Exam revision

The following describes what I would ideally do (and tried to do back in the ancient times when I was a student) to prepare for an exam.

Different methods work for different people, and there's never time to do all that would be ideal to do, so if you are not doing what I describe below, don't panic!

A course will address various topics but usually give you only a passing acquaintance with each: a few lectures, some handouts, a tutorial discussion based on a rapidly read article or chapter. It's a good start, but an important point of revision is to go beyond this, to extend and tighten your grip on topics so as to enable you effectively, clearly, and rigorously to answer exam questions.

Here are some pointers:


Perhaps the first thing to do is to compile a realistic revision schedule. Bearing in mind what revision it would be good to do (see 2 below), when each exam is, whether some courses require more revision than others, what other commitments you have, and so forth, pencil into a calendar chunks of time for revising each course, and perhaps even for revising key topics within each course.

It is a good idea at this point to list for each course the main topics the course addressed.

Preparing a schedule like this can be frightening, since it can seem to reveal that you've more to do than there's time for, but -- as I said -- that is always true, and true for others, and planning (quickly!) will enable you to make best use of what time you have. Don't panic!


Here are some thoughts about what revising a topic might involve:

(a) If there's time, and a need, read more. Consult the course reading list and if necessary the lecturer to decide what it would be most useful to read in the time available, and then draw up a schedule for yourself.

(b) But, crucially, avoid revising only passively. Avoid, that is, simply re-reading handouts, notes, essays, and even the wider literature. In addition to reading, and taking notes, you need to somehow engage with your revision materials. This might involve all sorts of things:

        • When revising, I used to map the shape of the topics by producing something akin to flow diagrams on big A2 sheets of paper (one per topic), trying to sketch the shape of, and relationships amongst, the central issues and arguments on that topic -- identifying, for example, the three standard approaches to a question, and showing how the first has two versions, the second of which faces three objections, one of them --- say -- my own, and so on.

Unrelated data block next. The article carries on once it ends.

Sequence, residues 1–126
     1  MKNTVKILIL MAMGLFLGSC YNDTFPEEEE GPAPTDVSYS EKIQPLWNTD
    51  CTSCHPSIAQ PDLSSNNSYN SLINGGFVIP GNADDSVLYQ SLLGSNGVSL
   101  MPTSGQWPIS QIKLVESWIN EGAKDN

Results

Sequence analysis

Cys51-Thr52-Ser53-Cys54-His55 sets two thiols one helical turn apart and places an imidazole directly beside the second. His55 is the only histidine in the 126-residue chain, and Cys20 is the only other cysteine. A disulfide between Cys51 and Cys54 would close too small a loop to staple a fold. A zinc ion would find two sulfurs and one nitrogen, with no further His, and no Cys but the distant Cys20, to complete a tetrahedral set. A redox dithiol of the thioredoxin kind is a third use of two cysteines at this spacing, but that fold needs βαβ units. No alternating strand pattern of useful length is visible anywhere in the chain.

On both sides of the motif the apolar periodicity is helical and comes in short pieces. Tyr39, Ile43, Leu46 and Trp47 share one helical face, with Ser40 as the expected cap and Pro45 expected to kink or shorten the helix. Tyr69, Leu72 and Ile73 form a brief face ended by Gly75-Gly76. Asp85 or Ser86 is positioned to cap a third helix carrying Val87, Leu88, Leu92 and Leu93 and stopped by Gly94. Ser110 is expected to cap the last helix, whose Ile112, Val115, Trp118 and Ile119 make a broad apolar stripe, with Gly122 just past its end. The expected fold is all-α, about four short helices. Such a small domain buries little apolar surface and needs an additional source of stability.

• For me, grappling with the issues also involves (when I'm sure the men in white coats aren't around) walking around my room, engaging aloud in a conversation with myself on the issue at hand: "The attribute dualist will surely argue ... But then a materialist is surely going to come back and say ... But, if so, then the dualist will claim that a distinction has been missed between ...", and so on. Once I'm done, I note down and incorporate into my topic maps such useful moves or formulations that emerged.
        • Also decide in advance how best to formulate the more complex and central claims and theories, e.g. precisely how to define rule utilitarianism, or a reliabilist theory of knowledge, or semantic externalism. Commit these formulations to memory so as not to waste time in the exam.
        • Engagement can also involve sketching essay plans for potential exam questions (see past papers for some ideas). Decide ahead of time what line you want to take on some central issues, i.e. what positions you think you can most convincingly and interestingly articulate and defend. Writing practice essays can be also be a good idea -- although, after a few, writing detailed plans (which takes less time) might suffice.

In sum, however you do it, the point is: don't merely lie on the sofa casting an eye over notes. That can be good in the final stage of revision, e.g. the evening before an exam, when you can look over the products of your engagement with the topics. But, at an earlier stage, it's important to do something more active. Simply looking over notes can impart an illusory feeling of understanding. What will produce better understanding and tighter recollection is thinking the issues through afresh, really grappling with them, and (since this is hard) that is something you need to force yourself to do.

It also takes time, and there simply won't be enough time to so as much of this as you'll feel you'll need. Everyone feels this; just do what you can do.


As for how to approach the exam itself, see Adam Rieger's pointers on the department site. Since exam answers are simply essays (albeit usually less polished than coursework essays) it might be worth glancing at some essay-writing advice here and here.


Don't spend all your time reading advice like this. Once you've got a schedule, take yourself to the library or wherever you work best, and get on with it!

Best of luck!